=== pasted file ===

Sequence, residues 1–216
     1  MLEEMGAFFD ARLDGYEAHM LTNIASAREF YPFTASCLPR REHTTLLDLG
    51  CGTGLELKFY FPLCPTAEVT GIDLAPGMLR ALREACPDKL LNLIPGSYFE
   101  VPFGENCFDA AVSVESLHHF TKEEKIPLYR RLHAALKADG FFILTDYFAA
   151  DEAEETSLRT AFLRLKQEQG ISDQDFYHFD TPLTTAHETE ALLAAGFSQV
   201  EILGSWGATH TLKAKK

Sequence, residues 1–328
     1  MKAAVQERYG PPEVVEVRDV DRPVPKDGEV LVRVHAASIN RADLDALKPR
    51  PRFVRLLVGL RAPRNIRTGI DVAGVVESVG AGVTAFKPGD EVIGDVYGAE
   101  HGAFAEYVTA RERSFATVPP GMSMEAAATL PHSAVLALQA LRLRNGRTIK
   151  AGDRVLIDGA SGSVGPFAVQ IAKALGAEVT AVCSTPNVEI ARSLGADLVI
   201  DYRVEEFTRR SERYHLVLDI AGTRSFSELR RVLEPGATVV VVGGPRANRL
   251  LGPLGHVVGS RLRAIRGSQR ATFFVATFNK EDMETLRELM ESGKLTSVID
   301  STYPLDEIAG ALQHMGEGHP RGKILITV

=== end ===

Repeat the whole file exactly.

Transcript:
Sequence, residues 1–216
     1  MLEEMGAFFD ARLDGYEAHM LTNIASAREF YPFTASCLPR REHTTLLDLG
    51  CGTGLELKFY FPLCPTAEVT GIDLAPGMLR ALREACPDKL LNLIPGSYFE
   101  VPFGENCFDA AVSVESLHHF TKEEKIPLYR RLHAALKADG FFILTDYFAA
   151  DEAEETSLRT AFLRLKQEQG ISDQDFYHFD TPLTTAHETE ALLAAGFSQV
   201  EILGSWGATH TLKAKK

Sequence, residues 1–328
     1  MKAAVQERYG PPEVVEVRDV DRPVPKDGEV LVRVHAASIN RADLDALKPR
    51  PRFVRLLVGL RAPRNIRTGI DVAGVVESVG AGVTAFKPGD EVIGDVYGAE
   101  HGAFAEYVTA RERSFATVPP GMSMEAAATL PHSAVLALQA LRLRNGRTIK
   151  AGDRVLIDGA SGSVGPFAVQ IAKALGAEVT AVCSTPNVEI ARSLGADLVI
   201  DYRVEEFTRR SERYHLVLDI AGTRSFSELR RVLEPGATVV VVGGPRANRL
   251  LGPLGHVVGS RLRAIRGSQR ATFFVATFNK EDMETLRELM ESGKLTSVID
   301  STYPLDEIAG ALQHMGEGHP RGKILITV